The information-bearing PDUs, referred to below as RLC-PDUs, which are to be transmitted in a transmission in the reply mode (acknowledged mode) are combined in groups of n PDUs. For each group of n PDUs, and Index-PDU is created in which the sequence numbers of these n PDUs are transmitted. This Index-PDU is transmitted from the base station BS to the communicating mobile station MS separately by the n PDUs. Like any other PDU, the Index-PDU can also be provided with a header.

It is appropriate, but not necessary, for the Index-PDU to be transmitted first here before the associated n PDUs so that the associated sequence numbers are already known at the receiver end when the PDUs are received. As a result, it is also possible in particular to dispense with numbering of the individual following PDU headers.

For Hybrid-ARQ II/III or comparable methods, not only the sequence numbers but also the coding unit numbers are transmitted in the Index-PDU.

For this purpose, when the PDU coding units are transmitted and received, it is advantageously also ensured that their sequence is maintained.

The successful reception of the Index-PDU should be acknowledged by a confirmation response ACK/NACK (“ACKnowledged”/“Not ACKnowledged”). If the transmitter receives a NACK response for the Index-PDU, it transmits it once more. Here, there should be marking in the Index-PDU by a repeat marker or a retransmission flag in order to signal that the transmission is a repeat transmission (retransmission) of an Index-PDU.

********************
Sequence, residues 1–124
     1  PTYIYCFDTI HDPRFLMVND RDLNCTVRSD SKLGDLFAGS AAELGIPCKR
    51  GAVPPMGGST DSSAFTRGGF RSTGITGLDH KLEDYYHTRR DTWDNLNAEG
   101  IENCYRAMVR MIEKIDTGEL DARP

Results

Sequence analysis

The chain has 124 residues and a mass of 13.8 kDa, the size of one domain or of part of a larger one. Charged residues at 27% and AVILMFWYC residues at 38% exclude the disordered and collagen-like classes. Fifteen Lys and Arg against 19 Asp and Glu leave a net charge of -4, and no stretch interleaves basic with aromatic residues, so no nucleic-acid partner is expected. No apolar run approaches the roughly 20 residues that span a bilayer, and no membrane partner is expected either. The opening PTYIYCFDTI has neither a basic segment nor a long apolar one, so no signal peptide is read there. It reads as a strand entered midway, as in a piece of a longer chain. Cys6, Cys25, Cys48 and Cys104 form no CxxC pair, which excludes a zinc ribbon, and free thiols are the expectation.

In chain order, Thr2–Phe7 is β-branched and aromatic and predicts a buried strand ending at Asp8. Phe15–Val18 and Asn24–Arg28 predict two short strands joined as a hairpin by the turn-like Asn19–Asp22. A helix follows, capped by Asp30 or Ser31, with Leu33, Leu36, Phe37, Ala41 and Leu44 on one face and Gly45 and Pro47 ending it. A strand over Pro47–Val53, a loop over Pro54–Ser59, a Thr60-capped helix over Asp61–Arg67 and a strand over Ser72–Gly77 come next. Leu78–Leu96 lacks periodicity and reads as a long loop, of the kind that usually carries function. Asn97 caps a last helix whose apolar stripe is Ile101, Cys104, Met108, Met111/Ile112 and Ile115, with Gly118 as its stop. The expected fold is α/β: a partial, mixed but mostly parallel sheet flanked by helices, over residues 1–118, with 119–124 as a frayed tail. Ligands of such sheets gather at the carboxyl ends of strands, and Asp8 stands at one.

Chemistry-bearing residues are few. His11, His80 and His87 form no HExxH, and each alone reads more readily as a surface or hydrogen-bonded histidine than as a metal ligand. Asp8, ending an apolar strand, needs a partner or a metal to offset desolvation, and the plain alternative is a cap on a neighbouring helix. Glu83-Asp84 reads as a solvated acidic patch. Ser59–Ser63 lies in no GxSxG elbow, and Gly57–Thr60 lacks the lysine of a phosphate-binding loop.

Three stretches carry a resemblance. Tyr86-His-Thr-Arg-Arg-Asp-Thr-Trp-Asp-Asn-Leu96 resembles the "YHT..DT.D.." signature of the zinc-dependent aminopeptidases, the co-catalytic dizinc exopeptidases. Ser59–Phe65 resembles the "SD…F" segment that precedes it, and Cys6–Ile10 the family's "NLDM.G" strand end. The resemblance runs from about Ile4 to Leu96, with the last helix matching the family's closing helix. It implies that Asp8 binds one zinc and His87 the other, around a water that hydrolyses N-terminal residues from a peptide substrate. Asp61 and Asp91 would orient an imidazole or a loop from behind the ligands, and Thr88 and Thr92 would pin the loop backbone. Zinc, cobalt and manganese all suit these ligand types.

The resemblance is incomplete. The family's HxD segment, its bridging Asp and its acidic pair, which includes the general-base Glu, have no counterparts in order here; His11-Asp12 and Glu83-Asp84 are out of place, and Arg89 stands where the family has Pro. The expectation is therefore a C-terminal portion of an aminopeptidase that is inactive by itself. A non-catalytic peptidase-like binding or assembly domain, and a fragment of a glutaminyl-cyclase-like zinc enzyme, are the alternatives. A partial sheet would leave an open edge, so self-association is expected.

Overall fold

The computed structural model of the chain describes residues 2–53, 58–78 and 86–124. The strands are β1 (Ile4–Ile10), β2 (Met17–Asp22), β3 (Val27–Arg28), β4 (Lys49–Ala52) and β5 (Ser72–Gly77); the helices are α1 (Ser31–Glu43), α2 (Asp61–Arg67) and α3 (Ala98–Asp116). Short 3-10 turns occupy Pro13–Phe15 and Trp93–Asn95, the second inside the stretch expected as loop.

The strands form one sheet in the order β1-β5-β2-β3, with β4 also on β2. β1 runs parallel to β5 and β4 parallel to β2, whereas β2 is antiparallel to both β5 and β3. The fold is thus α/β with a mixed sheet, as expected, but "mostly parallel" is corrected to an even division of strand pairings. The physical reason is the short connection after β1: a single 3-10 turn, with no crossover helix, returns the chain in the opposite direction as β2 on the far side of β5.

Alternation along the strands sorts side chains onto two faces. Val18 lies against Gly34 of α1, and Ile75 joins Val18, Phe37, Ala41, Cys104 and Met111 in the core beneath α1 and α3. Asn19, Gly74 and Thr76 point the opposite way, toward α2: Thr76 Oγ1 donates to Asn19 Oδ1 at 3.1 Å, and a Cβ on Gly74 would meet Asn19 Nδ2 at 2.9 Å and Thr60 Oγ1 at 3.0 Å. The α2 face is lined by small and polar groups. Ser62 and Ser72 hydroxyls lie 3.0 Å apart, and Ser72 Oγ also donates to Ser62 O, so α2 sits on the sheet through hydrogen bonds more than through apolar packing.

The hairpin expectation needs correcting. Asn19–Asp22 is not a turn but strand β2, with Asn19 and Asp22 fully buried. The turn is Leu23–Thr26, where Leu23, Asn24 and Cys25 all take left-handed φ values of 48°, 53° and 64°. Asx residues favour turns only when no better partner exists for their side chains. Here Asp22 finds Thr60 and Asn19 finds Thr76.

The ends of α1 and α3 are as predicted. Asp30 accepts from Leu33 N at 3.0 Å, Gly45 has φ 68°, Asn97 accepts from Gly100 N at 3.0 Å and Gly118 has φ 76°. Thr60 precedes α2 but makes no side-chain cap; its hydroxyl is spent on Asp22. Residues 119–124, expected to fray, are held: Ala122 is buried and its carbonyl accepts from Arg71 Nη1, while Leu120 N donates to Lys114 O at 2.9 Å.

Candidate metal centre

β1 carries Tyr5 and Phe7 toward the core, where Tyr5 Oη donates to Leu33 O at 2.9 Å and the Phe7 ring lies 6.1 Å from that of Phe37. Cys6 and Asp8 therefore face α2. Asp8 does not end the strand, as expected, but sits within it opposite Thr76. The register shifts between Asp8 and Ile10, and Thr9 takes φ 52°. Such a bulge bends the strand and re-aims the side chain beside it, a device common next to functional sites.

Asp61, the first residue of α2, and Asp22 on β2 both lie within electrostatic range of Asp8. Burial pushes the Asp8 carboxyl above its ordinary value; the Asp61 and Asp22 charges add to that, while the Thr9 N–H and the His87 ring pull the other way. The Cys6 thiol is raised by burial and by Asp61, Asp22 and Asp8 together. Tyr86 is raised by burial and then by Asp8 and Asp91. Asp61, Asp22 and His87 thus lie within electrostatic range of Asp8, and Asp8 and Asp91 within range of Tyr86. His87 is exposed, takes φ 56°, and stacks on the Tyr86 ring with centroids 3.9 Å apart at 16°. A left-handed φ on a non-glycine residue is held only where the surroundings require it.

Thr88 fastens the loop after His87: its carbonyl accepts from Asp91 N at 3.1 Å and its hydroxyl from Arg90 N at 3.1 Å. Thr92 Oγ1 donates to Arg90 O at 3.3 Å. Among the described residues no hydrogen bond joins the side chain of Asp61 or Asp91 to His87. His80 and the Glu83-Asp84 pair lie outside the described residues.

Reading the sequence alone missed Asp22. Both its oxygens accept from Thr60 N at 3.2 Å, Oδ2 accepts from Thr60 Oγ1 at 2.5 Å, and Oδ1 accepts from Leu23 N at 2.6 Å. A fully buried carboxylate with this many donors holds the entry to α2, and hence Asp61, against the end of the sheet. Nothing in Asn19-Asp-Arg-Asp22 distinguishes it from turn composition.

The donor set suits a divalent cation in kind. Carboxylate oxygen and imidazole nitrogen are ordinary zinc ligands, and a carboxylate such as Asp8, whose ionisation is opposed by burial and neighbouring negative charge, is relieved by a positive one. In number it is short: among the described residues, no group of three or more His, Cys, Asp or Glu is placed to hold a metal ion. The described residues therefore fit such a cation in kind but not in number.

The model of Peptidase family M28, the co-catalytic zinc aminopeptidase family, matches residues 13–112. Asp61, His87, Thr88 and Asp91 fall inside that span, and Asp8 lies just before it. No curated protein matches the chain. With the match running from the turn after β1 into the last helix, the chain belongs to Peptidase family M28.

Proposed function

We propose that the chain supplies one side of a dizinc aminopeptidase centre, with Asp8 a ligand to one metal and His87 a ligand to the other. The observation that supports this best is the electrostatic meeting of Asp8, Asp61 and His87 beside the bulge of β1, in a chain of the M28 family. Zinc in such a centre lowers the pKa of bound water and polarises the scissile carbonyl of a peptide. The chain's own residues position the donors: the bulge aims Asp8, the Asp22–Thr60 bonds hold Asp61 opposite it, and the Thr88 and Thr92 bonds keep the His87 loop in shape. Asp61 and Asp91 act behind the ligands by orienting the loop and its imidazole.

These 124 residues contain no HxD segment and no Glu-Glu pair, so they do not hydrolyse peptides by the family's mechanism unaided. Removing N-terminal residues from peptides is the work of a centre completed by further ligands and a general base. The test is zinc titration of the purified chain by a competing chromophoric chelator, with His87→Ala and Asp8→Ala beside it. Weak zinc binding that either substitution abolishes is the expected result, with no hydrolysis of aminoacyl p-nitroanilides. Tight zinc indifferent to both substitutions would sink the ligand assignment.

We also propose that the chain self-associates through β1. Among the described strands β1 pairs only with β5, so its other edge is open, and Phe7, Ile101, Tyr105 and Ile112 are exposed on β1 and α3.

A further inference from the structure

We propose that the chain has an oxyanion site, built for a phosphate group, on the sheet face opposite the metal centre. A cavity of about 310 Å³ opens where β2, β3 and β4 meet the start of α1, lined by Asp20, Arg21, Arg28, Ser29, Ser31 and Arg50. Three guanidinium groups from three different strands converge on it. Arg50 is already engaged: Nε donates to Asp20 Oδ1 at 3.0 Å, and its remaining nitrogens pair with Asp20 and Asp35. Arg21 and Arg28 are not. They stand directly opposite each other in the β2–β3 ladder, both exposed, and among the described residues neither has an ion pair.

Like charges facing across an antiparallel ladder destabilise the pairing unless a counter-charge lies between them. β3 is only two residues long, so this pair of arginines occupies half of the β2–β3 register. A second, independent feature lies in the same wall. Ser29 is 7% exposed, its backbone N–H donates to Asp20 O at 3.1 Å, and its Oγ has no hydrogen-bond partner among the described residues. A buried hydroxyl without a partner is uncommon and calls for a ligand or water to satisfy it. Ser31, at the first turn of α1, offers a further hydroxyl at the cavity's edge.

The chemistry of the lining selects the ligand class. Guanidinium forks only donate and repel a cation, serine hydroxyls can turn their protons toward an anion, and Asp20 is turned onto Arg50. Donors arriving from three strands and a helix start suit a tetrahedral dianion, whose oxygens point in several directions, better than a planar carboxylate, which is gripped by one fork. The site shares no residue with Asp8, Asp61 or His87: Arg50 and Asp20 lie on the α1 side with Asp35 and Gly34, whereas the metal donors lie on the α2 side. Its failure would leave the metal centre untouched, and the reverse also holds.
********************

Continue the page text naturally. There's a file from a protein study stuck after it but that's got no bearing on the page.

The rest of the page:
The transmitter can advantageously already begin transmitting PDUs before it has received the ACK/NACK for the Index-PDU. If the Index-PDU has not been successfully received, the receiver must nevertheless not discard the subsequently arriving PDUs if the receiver has buffered them in a buffer.

The PDU number can also additionally be transmitted in the header of the associated data-PDU as has been customary hitherto. This is useful if it is possible for the receiver to receive an incorrect PDU. In the case of UMTS systems it is possible for a plurality of services to transmit over the same DSCH channel. Which resources are associated with which service in the current transmission interval is then signaled to the receiver using a TFCI. A TFCI which is transmitted in a disrupted fashion can then possibly lead to a situation in which a user takes the PDUs from the incorrect resources without noticing. If the sequence number of a PDU is transmitted not only in the Index-PDU but also in the header of the respective data-PDU, it is possible to check whether the correct PDU has been received by the receiver by comparing the separately transmitted sequence number information.

In order to save data capacity, it is alternatively also possible to transmit only the, for example, least significant bits of the sequence number in the header of the PDU.

The PDU numbers and the coding unit numbers can also be given in compressed form in the Index-PDU. For example, it is possible to communicate in a compact form that the first of the following PDUs has the index number 17, and the index numbers of the following 40 PDUs increase continuously by 1 from PDU to PDU, in which case, for example, the first coding unit is always sent.

The sequence numbers (and if appropriate the coding unit numbers) can be coded together with sufficient reliability in the Index-PDU without unnecessary overheads being incurred.

For the Hybrid-ARQ II/III or comparable methods, the combination of different coding units leads to an effectively higher coding. So that the error probability of the Index-PDU does not constitute a degradation of the transmission quality in Hybrid-ARQ II/III, the Index-PDU should be transmitted with correspondingly more powerful coding.